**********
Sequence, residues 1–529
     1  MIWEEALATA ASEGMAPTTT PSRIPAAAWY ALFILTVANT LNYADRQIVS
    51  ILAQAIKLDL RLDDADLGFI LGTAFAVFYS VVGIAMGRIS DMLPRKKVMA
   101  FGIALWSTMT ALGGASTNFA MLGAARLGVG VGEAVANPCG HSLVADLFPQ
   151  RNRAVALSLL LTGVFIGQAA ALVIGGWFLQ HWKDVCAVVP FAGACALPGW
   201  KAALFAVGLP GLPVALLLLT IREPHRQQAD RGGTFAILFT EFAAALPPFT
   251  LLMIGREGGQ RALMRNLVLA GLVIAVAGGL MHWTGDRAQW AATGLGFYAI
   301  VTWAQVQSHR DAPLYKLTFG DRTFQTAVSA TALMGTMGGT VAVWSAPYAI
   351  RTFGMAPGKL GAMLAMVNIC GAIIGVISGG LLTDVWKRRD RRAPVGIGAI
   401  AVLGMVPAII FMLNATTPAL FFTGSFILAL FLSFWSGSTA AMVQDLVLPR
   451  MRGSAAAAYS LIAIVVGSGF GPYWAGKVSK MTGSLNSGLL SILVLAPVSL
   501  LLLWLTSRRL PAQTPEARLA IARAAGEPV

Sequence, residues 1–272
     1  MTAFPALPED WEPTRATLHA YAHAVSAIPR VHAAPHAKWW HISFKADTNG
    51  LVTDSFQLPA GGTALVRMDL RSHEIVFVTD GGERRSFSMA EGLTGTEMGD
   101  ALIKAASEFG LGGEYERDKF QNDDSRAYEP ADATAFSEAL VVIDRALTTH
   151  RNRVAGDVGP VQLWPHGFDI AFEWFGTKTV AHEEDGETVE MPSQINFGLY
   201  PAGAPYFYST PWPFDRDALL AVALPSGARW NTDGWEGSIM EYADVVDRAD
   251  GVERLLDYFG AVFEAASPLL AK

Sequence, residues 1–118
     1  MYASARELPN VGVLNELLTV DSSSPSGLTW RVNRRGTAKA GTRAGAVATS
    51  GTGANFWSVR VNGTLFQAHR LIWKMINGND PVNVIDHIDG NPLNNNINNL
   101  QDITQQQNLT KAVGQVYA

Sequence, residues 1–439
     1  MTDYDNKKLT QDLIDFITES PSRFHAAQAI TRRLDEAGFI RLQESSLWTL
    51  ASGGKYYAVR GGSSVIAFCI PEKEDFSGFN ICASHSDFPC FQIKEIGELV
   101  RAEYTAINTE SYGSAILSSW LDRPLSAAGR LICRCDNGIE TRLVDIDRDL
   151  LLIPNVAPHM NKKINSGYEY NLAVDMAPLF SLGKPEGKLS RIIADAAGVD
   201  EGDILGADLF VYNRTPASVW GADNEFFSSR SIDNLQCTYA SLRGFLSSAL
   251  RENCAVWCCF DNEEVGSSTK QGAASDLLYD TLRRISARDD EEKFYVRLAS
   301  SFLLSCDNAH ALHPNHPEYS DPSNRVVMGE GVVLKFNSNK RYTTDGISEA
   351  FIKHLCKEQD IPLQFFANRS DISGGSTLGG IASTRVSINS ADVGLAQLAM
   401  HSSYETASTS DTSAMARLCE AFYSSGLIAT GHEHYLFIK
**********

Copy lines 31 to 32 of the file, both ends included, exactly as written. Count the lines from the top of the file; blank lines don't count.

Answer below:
   301  SFLLSCDNAH ALHPNHPEYS DPSNRVVMGE GVVLKFNSNK RYTTDGISEA
   351  FIKHLCKEQD IPLQFFANRS DISGGSTLGG IASTRVSINS ADVGLAQLAM